To finish out our October tradition of Spooky Westerns, we wanted to talk about Near Dark, the cult classic vampire western from academy award winning director Kathryn Bigelow, but due to a lack of streaming options, we were unable to easily find it and instead watched a forgotten anthology Horror film no one remembers or cares about, Grim Prairie Tales! In truth, I’ve always been curious about this bizarre title, starring terrific character actors James Earl Jones and Brad Dourif as wandering cowboys sharing a campfire and swapping ghost stories. And it’s not really that good, I’m afraid, but it’s pretty weird, and there simply aren’t any other films quite like this. Dad is perhaps a bit less forgiving. Topics of conversation include the YouTube rip we watched and its horrible picture quality, some Brad Dourif fawning, my debunked theory on the Indian Burial Ground story and its root in Star Trek: The Next Generation, the film’s ambitious feint towards social issues featuring William Atherton as a murderous pilgrim (with a sidebar on Atherton’s post-Ghostbusters woes), several occasions where the storytelling fails, better movies it reminded us of, such as Planes, Trains and Automobiles, which I wish this ended like. A lot of it is us trying not to laugh too meanly, admittedly, but in the end, I enjoyed my time with the film. And again, Dad, less so. You get some impersonations of Jones and Dourif too. You should all see Near Dark though!


We also spend some time discussing a more successful genre mashup, Tales from the Hood, which employs a similar strategy of utilizing the Horror anthology format but to much better effect. On the next episode, we’ll be discussing Jubal, a Western reworking of Othello starring Glenn Ford and Ernest Borgnine. You can find us online at and iTunes, of course (please leave us ratings and reviews to increase the visibility of the podcast!), and you can email us at, where you can suggest future episodes and also ask us questions!


Grim Prairie Tales was directed by Wayne Coe and stars James Earl Jones, Brad Dourif and William Atherton.


Once again, October means that we’re talking about Horror and Horror-Adjacent movies on Westerns With Dad, and this time, it’s Clint Eastwood’s 1973 allegory about Divine Justice, High Plains Drifter! Taking the form of a more traditional yarn – a town, threatened by villains, hires a gunslinger to defend them – this film slowly reveals itself to be far more diabolic than it initially seems. Topics of conversation include John Wayne’s habit of letting you know when he’s been offended, old Tales From the Crypt comics, the ugly sexual politics of the film’s infamous rape as retribution sequence, Eastwood’s narrow window of screen persona, the evocative excellence of the film’s location shooting, the unseen moral laws of the universe, and their enforcement by Divine Grace, and a wide variety of theories regarding the movie’s relationship with the supernatural world. You’ll get some Clint impersonations, sure, but there’s quite a bit of talk about Hell and God and the Vengeance. In short, one of my favorite kind of episodes. There’s also some construction work happening in the background, which has been a constant of life in my apartment for about a week and a half now! I’m sorry about that!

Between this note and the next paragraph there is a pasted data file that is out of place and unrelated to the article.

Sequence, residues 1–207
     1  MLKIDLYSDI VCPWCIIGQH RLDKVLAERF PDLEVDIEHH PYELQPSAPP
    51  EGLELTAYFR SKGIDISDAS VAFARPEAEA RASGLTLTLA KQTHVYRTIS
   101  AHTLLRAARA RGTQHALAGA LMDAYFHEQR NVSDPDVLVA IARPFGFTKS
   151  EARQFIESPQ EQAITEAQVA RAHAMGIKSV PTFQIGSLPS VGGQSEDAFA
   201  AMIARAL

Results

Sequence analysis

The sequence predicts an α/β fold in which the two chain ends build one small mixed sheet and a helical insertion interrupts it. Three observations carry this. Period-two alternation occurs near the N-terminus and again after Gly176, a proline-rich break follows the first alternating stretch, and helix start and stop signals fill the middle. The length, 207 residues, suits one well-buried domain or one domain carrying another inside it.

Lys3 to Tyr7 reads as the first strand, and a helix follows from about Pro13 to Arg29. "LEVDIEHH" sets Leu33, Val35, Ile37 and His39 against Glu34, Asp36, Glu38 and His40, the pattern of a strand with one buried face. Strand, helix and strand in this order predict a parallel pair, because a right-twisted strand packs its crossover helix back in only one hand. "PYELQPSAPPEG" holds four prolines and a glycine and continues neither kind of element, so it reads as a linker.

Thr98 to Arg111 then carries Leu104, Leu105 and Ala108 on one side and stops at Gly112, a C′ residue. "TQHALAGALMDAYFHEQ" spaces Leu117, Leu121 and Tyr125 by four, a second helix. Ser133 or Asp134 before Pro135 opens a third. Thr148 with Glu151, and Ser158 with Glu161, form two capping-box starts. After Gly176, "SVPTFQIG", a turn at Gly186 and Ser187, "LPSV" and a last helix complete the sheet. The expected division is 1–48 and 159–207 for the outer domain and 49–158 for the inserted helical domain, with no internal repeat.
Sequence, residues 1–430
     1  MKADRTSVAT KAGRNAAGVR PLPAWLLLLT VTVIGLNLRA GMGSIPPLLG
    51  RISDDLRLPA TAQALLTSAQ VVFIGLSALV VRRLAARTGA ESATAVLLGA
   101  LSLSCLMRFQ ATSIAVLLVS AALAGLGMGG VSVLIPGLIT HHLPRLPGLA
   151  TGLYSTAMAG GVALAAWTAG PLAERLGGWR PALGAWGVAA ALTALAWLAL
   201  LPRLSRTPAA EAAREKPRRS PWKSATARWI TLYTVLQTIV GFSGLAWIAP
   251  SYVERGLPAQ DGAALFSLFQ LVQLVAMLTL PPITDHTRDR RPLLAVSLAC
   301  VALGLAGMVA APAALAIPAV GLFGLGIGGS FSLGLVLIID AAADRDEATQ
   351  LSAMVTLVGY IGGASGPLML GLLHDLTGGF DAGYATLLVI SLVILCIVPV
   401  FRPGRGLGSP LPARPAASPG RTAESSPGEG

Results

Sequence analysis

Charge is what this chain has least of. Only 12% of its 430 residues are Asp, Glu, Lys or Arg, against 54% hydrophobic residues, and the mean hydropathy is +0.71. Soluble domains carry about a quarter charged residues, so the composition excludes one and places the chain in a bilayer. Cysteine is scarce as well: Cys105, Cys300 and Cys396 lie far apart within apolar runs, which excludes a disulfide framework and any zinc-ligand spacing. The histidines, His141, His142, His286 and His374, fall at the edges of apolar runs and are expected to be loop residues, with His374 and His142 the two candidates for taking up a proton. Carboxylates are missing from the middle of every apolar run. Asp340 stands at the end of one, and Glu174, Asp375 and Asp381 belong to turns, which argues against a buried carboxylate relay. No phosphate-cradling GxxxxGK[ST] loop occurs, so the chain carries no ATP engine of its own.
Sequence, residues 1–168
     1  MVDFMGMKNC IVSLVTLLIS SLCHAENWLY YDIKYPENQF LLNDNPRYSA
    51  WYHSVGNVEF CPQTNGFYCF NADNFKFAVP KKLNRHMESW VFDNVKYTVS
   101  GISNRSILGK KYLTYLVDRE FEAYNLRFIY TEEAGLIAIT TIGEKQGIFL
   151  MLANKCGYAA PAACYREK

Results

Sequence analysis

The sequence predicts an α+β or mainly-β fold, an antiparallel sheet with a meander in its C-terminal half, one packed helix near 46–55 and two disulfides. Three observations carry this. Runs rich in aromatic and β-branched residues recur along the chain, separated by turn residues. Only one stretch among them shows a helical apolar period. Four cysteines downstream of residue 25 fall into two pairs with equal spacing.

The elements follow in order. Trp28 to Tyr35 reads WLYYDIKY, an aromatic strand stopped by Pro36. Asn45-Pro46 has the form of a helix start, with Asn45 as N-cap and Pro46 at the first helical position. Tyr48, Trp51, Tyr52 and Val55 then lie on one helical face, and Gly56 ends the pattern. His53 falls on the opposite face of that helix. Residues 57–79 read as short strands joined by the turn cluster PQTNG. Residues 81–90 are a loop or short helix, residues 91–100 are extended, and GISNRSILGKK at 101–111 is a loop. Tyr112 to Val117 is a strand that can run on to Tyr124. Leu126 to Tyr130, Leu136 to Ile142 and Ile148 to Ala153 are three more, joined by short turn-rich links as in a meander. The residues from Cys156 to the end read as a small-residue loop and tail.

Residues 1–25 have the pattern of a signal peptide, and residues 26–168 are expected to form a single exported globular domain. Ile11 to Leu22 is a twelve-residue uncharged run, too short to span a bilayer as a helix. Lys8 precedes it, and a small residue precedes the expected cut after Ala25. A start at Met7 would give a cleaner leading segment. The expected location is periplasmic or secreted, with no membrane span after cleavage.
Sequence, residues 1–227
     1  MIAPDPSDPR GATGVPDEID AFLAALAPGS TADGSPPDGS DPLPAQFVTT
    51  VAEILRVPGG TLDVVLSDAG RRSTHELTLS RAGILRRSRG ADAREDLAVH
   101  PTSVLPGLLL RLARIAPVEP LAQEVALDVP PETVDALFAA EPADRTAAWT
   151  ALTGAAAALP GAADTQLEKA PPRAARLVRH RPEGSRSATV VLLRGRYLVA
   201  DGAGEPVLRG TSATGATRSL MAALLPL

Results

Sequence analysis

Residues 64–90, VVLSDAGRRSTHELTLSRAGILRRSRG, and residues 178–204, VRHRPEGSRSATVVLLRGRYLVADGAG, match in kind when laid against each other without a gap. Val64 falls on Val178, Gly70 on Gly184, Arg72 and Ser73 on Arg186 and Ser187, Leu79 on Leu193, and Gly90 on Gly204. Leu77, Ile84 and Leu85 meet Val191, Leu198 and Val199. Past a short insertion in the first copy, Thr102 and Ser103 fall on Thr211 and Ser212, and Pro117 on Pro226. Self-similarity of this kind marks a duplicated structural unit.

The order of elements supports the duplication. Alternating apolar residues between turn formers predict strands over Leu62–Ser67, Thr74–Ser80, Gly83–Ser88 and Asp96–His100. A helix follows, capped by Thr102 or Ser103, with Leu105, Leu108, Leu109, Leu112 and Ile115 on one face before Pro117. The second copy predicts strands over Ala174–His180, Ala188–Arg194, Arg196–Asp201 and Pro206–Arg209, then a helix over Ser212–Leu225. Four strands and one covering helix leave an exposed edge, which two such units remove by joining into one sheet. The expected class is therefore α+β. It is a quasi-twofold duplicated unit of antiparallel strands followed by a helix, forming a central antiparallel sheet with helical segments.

Near the end, we spend a little bit of time discussing Barry Lyndon and The Dead Zone. Please visit us online at, where you can download episodes that have moved off the iTunes feed, and if you’d like to email us with ideas for movies or any questions or insights, you can do so at Additionally, why not leave us ratings and reviews on the aforementioned iTunes? It improves the profile of the show and makes us happy!

On the next scary Halloween episode of Westerns With Dad, we’ll be talking about either the Kathryn Bigelow Southern-Fried vampire flick Near Dark, or the completely unknown collection of Western-themed Horror stories, Grimm Prairie Tales! If you’ve got a preference, let us know! Although it will probably come down to availability.

High Plain Drifter stars Clint Eastwood and was directed by Clint Eastwood.